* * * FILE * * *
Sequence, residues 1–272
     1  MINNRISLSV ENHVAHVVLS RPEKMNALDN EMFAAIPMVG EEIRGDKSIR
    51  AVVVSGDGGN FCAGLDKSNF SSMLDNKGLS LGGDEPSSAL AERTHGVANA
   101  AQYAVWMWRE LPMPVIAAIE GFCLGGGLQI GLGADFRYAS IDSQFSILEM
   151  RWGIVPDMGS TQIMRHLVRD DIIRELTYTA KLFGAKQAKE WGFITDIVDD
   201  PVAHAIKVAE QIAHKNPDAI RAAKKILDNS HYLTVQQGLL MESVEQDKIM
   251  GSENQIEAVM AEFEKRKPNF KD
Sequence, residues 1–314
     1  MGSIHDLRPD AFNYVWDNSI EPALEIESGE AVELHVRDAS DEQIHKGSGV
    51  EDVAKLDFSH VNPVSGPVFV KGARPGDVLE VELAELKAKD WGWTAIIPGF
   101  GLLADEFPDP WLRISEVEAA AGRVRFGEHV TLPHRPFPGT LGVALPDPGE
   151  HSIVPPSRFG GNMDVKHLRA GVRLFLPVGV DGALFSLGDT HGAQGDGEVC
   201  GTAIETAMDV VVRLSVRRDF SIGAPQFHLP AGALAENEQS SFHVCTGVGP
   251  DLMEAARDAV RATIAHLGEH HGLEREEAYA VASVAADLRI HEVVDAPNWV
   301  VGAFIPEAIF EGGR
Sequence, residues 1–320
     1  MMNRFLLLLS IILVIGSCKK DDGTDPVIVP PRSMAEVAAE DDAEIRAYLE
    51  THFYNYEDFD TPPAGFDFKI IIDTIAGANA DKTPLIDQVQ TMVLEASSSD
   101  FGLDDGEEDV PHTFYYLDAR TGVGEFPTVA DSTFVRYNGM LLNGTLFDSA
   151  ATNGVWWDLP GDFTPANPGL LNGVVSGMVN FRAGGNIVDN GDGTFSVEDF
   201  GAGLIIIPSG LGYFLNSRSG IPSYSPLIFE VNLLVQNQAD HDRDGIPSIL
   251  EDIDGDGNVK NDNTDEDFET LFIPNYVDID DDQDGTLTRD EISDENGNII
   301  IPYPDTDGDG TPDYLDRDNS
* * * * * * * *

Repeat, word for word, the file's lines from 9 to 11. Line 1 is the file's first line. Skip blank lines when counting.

     1  MGSIHDLRPD AFNYVWDNSI EPALEIESGE AVELHVRDAS DEQIHKGSGV
    51  EDVAKLDFSH VNPVSGPVFV KGARPGDVLE VELAELKAKD WGWTAIIPGF
   101  GLLADEFPDP WLRISEVEAA AGRVRFGEHV TLPHRPFPGT LGVALPDPGE